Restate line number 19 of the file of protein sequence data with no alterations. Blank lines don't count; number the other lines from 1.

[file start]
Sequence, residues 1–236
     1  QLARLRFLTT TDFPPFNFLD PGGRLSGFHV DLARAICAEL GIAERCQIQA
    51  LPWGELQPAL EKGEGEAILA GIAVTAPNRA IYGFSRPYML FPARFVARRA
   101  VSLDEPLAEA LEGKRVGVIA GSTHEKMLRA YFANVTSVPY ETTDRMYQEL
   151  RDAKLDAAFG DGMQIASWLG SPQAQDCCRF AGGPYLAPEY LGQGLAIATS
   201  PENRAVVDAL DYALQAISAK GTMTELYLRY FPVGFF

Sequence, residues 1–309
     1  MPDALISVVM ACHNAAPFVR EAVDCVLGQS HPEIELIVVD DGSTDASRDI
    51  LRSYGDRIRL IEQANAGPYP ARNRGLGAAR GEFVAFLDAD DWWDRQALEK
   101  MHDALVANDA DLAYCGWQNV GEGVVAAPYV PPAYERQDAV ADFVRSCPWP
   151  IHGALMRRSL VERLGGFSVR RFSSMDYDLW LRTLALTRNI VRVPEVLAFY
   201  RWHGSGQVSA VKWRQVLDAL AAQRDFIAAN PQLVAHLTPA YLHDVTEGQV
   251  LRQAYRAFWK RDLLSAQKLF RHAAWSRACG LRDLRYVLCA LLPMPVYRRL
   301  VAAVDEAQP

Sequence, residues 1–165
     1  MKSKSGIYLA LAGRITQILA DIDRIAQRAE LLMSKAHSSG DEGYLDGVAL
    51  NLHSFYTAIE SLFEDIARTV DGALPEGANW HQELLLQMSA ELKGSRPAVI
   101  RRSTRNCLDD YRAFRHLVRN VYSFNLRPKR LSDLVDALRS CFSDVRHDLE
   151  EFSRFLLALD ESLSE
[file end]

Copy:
   151  EFSRFLLALD ESLSE